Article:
1. S. 2021, "The High School and College Sports Gambling Prohibition Act," sponsored by Sen. Sam Brownback (R-Kan.) was introduced Feb. 1, 2000. A similar bill, S. 2340, "The Amateur Sports Integrity Act," was introduced by Sen. John McCain (R-Ariz.) on April 13, 2000. A House companion bill, H.R. 3575, "Student Athlete Protection Act," was introduced Feb. 3, 2000 by its sponsor Rep. Lindsey Graham (R-S.C.) H.R. 3575 had 81 co-sponsors: 40 Democrats, 40 Republicans and one Independent. S.2021 had 21 co-sponsors: 14 Republicans, including Sen. Richard Lugar (R-Ind.), Phil Gramm (R-Texas) and John McCain, and seven Democrats, including Sen. Patrick Leahy (D-Vt.) and John Edwards (D-N.C.) as well as Joe Lieberman.
2. Associated Press, "Committee to consider legislation," Sept. 12, 2000. Sen. Richard Bryan (D-Nev.), a leading opponent of the college gambling bill, said the bill would pass by a "veto-proof majority" if it got to the Senate floor. Sen. John McCain also predicted that the bill would pass the Senate 97-3 in a Sept. 12, 2000 Washington D.C. press conference. At the same press conference, Rep. Graham said the bill – which was approved 19-9 in the House Judiciary Committee – would get close to 300 votes in the full House.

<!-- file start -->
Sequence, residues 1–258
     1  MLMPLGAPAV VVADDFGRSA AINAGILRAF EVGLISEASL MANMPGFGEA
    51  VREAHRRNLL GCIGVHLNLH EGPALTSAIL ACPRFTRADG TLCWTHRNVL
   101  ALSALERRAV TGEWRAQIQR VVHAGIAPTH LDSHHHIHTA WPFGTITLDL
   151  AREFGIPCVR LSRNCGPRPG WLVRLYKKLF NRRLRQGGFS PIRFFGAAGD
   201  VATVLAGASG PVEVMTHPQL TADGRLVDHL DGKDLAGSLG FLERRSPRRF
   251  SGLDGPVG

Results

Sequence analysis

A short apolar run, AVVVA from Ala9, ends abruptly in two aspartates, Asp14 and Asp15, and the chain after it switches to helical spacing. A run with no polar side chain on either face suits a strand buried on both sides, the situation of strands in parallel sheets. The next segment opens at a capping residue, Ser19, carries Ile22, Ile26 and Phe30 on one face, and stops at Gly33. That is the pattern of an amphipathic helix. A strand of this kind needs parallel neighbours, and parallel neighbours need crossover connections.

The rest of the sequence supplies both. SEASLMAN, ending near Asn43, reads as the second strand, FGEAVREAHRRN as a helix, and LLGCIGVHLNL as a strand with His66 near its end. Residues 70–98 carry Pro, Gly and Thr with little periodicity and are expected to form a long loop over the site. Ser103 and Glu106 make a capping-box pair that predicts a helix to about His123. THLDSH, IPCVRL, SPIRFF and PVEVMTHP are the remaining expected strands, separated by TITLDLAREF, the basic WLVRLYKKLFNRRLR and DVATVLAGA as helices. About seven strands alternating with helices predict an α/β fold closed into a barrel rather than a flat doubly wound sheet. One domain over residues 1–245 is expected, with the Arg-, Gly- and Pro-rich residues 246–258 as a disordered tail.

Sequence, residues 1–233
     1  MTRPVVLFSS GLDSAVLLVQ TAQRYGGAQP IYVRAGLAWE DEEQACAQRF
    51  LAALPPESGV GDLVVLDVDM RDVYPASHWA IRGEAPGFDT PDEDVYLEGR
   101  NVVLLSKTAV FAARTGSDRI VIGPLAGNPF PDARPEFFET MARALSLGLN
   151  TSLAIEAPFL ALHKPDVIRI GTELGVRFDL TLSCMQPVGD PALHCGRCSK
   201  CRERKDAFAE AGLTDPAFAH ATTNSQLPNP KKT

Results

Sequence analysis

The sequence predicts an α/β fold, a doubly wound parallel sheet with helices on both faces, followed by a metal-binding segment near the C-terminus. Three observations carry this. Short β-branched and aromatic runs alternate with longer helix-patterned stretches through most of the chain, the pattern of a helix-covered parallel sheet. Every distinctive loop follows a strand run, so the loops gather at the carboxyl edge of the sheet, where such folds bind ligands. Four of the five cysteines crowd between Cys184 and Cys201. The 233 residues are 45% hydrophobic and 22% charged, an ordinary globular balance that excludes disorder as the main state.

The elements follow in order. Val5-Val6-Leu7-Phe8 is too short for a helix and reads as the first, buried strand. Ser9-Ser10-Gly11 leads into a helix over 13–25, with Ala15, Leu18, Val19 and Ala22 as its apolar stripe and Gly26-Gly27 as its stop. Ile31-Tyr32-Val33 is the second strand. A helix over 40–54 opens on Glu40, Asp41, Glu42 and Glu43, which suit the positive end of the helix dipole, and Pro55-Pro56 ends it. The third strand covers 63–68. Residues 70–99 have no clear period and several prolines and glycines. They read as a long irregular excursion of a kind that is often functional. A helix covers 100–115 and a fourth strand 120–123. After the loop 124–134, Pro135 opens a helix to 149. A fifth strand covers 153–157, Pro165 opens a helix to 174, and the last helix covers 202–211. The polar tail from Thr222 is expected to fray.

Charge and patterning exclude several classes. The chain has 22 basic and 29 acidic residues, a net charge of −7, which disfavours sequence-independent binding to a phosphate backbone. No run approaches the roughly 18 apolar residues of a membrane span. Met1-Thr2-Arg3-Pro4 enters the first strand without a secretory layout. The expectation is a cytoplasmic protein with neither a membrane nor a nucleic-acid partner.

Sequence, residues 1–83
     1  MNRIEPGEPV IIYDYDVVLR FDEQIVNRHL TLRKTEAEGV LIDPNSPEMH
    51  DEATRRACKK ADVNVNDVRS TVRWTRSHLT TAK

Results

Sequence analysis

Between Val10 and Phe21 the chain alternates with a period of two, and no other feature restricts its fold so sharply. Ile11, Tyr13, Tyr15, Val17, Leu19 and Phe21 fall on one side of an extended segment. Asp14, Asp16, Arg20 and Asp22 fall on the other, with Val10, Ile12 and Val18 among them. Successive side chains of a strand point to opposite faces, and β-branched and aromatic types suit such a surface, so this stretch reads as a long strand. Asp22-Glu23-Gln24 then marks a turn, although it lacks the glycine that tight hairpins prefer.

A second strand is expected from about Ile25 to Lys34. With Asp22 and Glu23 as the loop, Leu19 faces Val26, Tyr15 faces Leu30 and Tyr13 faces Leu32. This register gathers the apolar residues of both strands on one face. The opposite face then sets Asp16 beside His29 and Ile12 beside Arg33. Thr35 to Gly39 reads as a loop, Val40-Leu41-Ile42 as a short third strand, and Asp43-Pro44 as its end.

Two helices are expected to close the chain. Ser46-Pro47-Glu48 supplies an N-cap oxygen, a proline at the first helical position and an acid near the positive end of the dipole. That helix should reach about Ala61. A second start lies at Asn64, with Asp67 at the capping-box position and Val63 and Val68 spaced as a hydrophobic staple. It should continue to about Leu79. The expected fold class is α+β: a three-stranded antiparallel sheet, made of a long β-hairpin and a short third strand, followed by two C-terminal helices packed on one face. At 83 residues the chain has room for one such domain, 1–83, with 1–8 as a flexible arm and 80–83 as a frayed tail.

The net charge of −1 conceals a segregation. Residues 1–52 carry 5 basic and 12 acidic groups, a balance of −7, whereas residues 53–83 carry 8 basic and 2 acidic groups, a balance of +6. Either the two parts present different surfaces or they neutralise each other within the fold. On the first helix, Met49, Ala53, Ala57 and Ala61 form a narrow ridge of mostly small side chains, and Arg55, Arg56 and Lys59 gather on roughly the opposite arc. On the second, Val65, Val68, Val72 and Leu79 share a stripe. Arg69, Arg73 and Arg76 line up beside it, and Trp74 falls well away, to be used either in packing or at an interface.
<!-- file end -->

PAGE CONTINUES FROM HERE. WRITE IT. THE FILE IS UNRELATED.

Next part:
3. National Gambling Impact Study Commission Report, June 18, 1999, pps. 3-18 (recommendation), 2-14.
4. Ismail Turay Jr., "Battle Looms In Congress Over College Sports Betting," Cox News Service, Jan. 24, 2000.
5. U.S. Senate, "Report of the Committee on Commerce, Science, and Transportation on S.2340," May 3, 2000.
6. Patrick Hruby, "Will a proposed federal ban on college sports gambling be enough to stymie scandal?" The Washington Times, Oct. 8, 2000.